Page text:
Just hours after the X-ray confirmed the worst news, Rachael was admitted to Hollywood Private Hospital and staff drained one litre of fluid from her left lung. It proved to be prudent action as Rachael could have quickly died from the build-up of fluid in her lungs. Yet it turned out to be only the first of many actions, treatments and procedures in her long, arduous and courageous challenge.
First came the eight rounds of chemotherapy, which provided hope of a total recovery. But the chemotherapy had only reduced the size and the tumour and not eliminated it as everyone had hoped and prayed for. The next step was radiation treatment at Perth’s Sir Charles Gardiner Hospital and then, after a referral by a hematologist, came a stem cell transplant at Fremantle Hospital in early 2005.
While every possible solution was being sought and considered, a pattern was soon emerging: Rachael was moving to different hospitals all over Perth for treatment. Without one dedicated hospital to the treatment of cancer patients, the process could be frustrating, annoying, morale-sapping and counter-productive.
That was the case again when Rachael was referred to Royal Perth Hospital for a stem cell transplant using donor stem cells rather than her own. But the tumour was not considered small enough and the treatment was abandoned. In fact, not only was Rachael not considered a suitable candidate for the stem cell process, but her family was basically told there was nothing left to do. They were told to take her home and plan for palliative care. Rather than accept that, Rachael and her family decided to fight. It was hard at times for Rachael to continue her painful battle, but she one day reached a crossroads and knew living through any awful treatment was much better than the ultimate alternative.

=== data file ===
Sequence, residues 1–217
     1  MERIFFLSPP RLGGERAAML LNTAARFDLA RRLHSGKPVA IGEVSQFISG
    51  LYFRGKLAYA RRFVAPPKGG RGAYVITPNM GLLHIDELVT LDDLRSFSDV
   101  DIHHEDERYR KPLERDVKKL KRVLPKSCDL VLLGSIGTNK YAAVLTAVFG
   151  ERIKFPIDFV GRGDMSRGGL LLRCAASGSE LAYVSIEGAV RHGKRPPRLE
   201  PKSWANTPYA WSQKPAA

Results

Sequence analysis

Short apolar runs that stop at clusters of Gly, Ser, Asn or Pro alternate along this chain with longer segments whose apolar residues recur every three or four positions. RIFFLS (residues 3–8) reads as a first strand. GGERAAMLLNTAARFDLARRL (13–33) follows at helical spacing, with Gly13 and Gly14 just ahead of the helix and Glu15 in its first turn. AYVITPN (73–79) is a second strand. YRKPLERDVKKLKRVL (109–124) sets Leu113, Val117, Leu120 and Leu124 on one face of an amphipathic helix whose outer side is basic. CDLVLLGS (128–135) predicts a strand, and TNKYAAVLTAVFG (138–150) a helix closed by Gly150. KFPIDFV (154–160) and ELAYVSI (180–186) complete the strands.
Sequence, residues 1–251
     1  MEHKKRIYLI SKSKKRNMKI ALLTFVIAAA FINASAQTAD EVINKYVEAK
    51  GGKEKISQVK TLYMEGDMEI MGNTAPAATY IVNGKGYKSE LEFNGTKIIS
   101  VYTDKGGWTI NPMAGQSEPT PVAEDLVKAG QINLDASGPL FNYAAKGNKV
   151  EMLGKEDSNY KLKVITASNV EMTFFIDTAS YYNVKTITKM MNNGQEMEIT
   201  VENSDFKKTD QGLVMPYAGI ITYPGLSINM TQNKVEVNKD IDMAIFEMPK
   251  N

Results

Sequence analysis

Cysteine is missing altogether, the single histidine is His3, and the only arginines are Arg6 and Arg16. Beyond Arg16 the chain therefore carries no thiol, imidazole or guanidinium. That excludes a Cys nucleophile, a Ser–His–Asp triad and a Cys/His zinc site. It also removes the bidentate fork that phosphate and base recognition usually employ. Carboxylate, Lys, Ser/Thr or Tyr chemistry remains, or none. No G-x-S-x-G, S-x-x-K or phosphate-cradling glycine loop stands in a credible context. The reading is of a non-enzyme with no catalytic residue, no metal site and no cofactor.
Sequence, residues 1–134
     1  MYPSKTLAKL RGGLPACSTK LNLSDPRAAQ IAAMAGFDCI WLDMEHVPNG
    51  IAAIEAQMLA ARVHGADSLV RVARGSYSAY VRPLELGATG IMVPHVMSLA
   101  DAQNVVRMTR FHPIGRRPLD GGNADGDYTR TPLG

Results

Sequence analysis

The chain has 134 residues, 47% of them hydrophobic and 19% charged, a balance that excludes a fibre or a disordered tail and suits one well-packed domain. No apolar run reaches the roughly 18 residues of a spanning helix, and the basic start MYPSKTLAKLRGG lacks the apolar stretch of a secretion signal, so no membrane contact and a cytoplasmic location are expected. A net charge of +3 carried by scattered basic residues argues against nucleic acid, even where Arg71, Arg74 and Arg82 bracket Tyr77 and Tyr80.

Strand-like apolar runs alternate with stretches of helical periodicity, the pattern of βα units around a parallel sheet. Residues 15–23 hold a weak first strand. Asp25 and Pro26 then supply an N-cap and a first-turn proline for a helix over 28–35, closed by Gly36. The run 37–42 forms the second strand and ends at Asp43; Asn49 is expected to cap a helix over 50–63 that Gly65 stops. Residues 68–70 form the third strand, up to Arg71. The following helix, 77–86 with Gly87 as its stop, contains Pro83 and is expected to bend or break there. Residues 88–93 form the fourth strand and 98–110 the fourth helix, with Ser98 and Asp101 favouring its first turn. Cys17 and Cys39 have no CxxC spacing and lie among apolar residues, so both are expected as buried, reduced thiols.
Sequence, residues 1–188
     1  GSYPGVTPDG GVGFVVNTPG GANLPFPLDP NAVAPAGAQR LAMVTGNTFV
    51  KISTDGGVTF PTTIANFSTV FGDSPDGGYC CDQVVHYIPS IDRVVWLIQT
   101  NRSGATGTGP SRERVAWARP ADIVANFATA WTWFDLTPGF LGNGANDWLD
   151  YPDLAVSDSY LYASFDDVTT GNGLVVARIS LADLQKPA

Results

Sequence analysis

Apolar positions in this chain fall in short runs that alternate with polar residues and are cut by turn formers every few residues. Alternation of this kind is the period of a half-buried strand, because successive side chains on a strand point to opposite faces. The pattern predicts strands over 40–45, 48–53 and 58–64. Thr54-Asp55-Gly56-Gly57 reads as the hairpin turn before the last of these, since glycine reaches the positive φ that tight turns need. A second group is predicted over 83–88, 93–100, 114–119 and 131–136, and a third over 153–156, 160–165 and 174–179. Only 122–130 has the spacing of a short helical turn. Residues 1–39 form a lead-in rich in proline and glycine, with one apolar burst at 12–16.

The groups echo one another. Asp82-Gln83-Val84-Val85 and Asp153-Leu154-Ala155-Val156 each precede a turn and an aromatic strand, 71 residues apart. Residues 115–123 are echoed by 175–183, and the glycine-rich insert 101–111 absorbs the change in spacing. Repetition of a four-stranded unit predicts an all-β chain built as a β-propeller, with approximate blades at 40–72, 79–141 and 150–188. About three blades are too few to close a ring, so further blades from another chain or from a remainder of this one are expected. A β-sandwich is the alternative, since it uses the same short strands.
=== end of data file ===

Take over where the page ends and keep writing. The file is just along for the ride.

One week before Christmas, 2005, Rachael and her mum Susi flew to Melbourne and turned up at the Peter MacCallum Cancer Centre without a referral or appointment. Once there, Susi asked to see the best hematologist and was pointed towards Professor David Ritchie, a man of compassion and knowledge who gave Rachael hope and a chance to live. Professor Ritchie agreed with Susi it was too early to give up the fight and within a day, he organised for Rachael to have all the tests needed to get a full and proper assessment of her condition.
With Peter Mac being Australia’s only public hospital dedicated to cancer treatment, it was the only place to be for Rachael as she was tested for lung function and given a pet scan. When there are queues at public hospitals all around Australia and specialist equipment goes unused because staff are untrained or unavailable, Peter Mac did everything to its maximum capacity and provided realistic hope and support for recovery.
Buoyed by this improvement in treatment and attention, Rachael went home for Christmas with a renewed outlook and, in the New Year, renewed hope when she was accepted into a drug trial program. The drug LBH gave Rachael about three years of normal life as it reduced and controlled her tumour until the cancer finally – in its own dreadful and deceitful way – found a way to start resisting the drug. The only downside to the LBH trial for Rachael was the need to constantly be in Melbourne for testing and administering. Rachael spent eight weeks in Melbourne at the start of the trial to ensure she and it reacted well and it could be tolerated. After that initial two months, Rachael had to visit Melbourne every two weeks for a new dose of LBH and to be monitored. That was every fortnight for three years.